[89] At the time of trial Dr. Keyes had not seen the plaintiff for some four years.

[90] Dr. Travlos’s prognosis, based on an assessment made in April 2009 was much more guarded.  As noted above he was of the opinion “there is no real expectation that further treatment is going to magically cure his symptoms.”  Dr. Travlos recommended Mr. Singh commence a structured conditioning program outside the home.  There was no evidence to suggest Mr. Singh has followed Dr. Travlos’s recommendation to engage in a conditioning program outside his home or that he take medication to help relieve his sleeping problems.  Had he done so it is possible these problems would have resolved more quickly than they have.

[91] In my view the injuries suffered by Mr. Singh are more significant than those suffered by the plaintiff in Langley but less serious than those suffered by the plaintiffs in Cimino and Durand.  I assess the plaintiff’s non-pecuniary damages at $65,000.

The High Cost of Losing an ICBC Injury Claim

I’ve written many times about the significant costs a party can be exposed to for being on the losing end of a BC Supreme Court lawsuit.  Reasons for judgement were released today further demonstrating this reality under the New BC Supreme Court Rules.
In today’s case (Chen v. Beltran) the young Plaintiff entered an intersection against a red light on his skateboard.  He was struck by a vehicle operated by the Defendant and sustained injuries.  He sued for damages but his claim was dismissed with the Court finding him entirely at fault for the accident.
Rule 14-1(9) of the BC Supreme Court Rules typically requires a losing party to pay costs to a successful party.  ICBC relied on this section and requested that their costs of over $75,000 be paid by the Plaintiff’s family.   The Plaintiff opposed arguing that no costs should be awarded.  One of the reasons advanced by the Plaintiff was that such an order would “financially cripple the (plaintiff’s) family“.
Mr. Justice Greyell rejected this argument.  The Court, while disallowing some of the most significant disbursements claimed by the Defendant, did go on to order that the Plaintiff pay the Defendant’s costs.  In rejecting the “financially crippling” argument Mr. Justice Greyell reasoned as follows:
[11] The first basis upon which the plaintiff says the defendants should be denied costs is that Allan suffered significant injuries in the Accident and will require ongoing medical and psychological care throughout his life.  His ongoing care will involve significant cost to both his parents.  Allan’s parents have already incurred substantial debt to prosecute the lawsuit, have limited financial resources and will have difficulty providing for Allan’s future care even if they are successful on this application.  The plaintiff says that an order for costs will financially “cripple” the family.  While I have great sympathy for Allan’s parents the case law is clear that the financial circumstances of a litigant, standing alone, are not to be taken into consideration as a factor in the awarding of costs…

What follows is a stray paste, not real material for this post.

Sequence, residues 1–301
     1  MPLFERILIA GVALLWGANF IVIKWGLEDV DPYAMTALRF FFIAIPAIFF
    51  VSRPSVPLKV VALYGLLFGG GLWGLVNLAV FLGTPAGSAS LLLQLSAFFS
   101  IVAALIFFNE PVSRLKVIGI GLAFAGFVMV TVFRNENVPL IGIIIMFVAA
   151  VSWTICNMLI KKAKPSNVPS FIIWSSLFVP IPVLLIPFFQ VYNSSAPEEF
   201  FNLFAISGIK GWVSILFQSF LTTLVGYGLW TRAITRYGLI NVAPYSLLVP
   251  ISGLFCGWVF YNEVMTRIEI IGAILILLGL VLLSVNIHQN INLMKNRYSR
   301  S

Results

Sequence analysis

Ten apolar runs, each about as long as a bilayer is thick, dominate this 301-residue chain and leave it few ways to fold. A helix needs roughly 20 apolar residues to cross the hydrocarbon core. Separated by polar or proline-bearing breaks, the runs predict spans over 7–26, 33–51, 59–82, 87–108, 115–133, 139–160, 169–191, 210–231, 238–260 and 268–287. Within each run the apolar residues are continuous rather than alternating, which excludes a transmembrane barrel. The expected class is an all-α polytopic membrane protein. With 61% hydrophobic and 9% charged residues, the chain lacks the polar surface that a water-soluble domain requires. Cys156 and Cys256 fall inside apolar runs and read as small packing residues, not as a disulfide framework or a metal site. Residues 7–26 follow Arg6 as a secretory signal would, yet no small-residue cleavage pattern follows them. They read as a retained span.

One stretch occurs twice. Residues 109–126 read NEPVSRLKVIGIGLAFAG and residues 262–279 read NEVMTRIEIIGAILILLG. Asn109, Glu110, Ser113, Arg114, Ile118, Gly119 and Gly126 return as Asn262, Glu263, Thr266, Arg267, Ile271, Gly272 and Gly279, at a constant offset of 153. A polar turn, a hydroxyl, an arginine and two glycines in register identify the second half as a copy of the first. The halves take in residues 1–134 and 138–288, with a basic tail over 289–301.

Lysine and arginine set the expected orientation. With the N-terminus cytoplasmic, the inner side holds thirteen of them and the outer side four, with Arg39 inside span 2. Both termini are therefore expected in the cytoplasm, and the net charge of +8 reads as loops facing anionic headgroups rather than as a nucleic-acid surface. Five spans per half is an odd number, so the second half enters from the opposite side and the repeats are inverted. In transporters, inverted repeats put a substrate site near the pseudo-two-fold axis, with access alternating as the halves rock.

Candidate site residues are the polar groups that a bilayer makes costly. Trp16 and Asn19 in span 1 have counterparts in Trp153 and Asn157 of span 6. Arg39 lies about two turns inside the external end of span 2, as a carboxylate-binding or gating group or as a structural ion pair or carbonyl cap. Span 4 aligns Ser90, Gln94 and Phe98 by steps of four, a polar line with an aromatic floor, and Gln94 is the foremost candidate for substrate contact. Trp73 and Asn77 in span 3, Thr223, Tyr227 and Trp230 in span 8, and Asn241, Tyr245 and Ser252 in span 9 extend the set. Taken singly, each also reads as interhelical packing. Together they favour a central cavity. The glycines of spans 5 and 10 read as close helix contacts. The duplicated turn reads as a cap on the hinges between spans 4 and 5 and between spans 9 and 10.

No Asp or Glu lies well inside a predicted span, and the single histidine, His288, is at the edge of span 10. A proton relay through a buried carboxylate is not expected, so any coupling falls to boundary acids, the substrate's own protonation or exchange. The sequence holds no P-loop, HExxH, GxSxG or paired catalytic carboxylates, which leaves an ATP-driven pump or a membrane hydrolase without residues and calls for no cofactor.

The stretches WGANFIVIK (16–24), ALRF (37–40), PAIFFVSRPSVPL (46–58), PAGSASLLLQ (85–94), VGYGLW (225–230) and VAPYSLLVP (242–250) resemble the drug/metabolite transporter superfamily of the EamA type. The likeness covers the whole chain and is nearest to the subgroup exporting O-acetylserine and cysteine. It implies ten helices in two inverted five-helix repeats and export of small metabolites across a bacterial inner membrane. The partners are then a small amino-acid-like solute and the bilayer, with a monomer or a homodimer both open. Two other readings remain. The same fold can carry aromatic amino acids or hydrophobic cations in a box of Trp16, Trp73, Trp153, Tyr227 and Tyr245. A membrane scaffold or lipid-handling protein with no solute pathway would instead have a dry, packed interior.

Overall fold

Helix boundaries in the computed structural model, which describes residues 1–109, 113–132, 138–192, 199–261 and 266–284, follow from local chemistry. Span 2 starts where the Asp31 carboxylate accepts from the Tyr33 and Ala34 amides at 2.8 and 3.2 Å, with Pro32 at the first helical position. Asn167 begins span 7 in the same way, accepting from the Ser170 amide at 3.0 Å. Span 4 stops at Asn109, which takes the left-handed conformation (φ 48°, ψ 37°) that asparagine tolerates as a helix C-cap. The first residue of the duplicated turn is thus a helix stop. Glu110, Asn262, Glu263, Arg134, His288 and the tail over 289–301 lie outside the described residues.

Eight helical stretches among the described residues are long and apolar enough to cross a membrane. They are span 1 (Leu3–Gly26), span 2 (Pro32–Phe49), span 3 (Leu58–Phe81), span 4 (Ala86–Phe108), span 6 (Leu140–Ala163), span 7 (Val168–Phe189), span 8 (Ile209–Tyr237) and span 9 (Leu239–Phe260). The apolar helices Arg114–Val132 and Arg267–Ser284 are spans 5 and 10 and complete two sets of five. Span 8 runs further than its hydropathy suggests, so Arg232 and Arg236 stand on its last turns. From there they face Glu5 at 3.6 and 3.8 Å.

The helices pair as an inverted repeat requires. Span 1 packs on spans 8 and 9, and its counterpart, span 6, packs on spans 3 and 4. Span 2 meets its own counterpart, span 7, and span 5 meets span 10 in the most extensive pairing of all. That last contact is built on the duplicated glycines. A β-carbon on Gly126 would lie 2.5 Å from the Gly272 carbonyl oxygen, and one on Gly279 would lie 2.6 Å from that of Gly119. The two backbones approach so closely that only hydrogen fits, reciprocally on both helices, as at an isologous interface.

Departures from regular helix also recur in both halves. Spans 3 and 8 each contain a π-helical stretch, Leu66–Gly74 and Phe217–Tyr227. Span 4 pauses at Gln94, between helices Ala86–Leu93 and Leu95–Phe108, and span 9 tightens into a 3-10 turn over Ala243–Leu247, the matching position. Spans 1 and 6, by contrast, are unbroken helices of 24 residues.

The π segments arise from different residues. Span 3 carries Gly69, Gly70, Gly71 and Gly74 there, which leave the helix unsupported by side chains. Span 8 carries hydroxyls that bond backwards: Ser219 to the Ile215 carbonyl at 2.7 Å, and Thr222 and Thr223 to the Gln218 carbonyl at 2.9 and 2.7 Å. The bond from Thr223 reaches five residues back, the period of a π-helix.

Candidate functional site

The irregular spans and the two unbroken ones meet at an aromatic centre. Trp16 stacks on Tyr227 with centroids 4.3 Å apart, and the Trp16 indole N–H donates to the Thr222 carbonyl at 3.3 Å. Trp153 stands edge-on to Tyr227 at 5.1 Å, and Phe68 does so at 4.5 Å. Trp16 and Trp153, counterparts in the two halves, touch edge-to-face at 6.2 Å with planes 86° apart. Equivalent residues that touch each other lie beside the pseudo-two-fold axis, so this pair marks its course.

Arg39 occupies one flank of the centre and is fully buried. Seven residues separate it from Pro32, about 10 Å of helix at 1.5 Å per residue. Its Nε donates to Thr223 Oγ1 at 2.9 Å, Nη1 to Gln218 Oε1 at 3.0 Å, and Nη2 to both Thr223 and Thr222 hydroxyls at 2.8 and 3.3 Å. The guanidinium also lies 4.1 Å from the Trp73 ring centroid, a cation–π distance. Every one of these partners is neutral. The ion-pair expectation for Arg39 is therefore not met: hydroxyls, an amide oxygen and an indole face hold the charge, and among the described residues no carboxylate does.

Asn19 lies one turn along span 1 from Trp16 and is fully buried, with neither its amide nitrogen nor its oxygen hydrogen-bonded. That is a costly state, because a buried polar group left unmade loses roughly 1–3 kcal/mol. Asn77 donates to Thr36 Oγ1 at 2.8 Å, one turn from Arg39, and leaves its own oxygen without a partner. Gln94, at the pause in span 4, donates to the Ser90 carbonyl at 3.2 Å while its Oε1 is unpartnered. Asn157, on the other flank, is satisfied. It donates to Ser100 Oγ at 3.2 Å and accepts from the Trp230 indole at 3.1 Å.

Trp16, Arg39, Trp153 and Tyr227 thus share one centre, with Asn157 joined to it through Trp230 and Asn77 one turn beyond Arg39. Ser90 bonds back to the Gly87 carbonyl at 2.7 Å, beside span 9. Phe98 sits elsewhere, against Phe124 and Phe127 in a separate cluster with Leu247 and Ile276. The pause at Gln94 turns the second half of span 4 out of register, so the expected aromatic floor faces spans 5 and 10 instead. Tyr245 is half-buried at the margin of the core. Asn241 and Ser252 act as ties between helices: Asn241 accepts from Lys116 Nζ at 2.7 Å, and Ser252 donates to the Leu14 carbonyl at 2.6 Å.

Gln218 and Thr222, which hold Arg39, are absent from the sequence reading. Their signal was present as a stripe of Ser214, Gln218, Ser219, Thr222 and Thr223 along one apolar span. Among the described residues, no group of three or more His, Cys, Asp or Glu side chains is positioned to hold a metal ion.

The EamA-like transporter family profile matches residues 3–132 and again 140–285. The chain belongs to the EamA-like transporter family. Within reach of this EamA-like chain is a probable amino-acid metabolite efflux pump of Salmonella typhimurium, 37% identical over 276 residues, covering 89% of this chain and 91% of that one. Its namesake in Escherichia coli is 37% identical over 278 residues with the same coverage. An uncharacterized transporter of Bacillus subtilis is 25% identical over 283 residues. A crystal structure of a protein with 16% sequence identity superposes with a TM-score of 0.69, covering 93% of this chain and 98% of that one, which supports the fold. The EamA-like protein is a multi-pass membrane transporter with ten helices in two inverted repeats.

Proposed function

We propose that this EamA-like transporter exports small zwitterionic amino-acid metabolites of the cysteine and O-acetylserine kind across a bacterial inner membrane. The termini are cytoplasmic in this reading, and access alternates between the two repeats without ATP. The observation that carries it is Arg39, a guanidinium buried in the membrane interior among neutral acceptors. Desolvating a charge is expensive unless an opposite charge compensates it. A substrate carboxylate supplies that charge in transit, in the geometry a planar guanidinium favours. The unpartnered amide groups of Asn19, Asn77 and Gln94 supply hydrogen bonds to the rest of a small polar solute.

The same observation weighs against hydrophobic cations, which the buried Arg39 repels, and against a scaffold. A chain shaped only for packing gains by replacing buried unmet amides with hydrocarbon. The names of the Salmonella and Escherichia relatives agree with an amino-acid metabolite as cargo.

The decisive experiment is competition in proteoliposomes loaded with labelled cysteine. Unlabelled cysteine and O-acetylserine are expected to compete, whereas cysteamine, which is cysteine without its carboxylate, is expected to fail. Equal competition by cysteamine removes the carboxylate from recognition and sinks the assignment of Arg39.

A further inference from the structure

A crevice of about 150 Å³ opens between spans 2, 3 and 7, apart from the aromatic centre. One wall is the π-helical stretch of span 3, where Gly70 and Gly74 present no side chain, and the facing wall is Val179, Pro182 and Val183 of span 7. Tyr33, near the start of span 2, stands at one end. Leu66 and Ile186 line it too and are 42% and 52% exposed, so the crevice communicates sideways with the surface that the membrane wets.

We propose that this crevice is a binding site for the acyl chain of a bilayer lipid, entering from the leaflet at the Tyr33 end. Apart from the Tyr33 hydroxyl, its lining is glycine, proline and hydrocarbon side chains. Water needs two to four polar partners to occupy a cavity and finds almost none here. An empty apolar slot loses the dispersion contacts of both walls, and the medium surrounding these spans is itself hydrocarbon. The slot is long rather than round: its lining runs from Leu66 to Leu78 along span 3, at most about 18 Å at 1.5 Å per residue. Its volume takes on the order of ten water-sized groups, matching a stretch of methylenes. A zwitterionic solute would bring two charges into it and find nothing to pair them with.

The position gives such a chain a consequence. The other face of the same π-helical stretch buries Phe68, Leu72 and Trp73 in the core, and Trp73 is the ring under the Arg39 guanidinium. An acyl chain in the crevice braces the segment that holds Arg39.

[14]         It is clear based on the above authorities that this Court is unable, on any principled basis, to take the plaintiff’s financial circumstances into account in determining whether to award costs.

[15]         To conclude otherwise would undermine the rationale underlying Rule 14-9 and would likely lead to the promotion of litigation rather than to promote the “winnowing” function described by Hall J.A. in Catalyst Paper.  It would lead to a collapse of the general principle discussed in the authorities and result in the unacceptable proposition that costs in each case would be measured not by a party’s success but by the personal financial circumstances of the litigants.

It is worth noting that this result should be contrasted with cases decided under Rule 9-1(5) where the Court does have a discretion to consider a party’s financial circumstances following trial where a formal offer of settlement was made.
Today’s case demonstrates the real world expenses that can be associated with losing an ICBC Claim in the BC Supreme Court.  It is vital to gauge these costs and the risks of trial prior to putting a case before a Judge or Jury.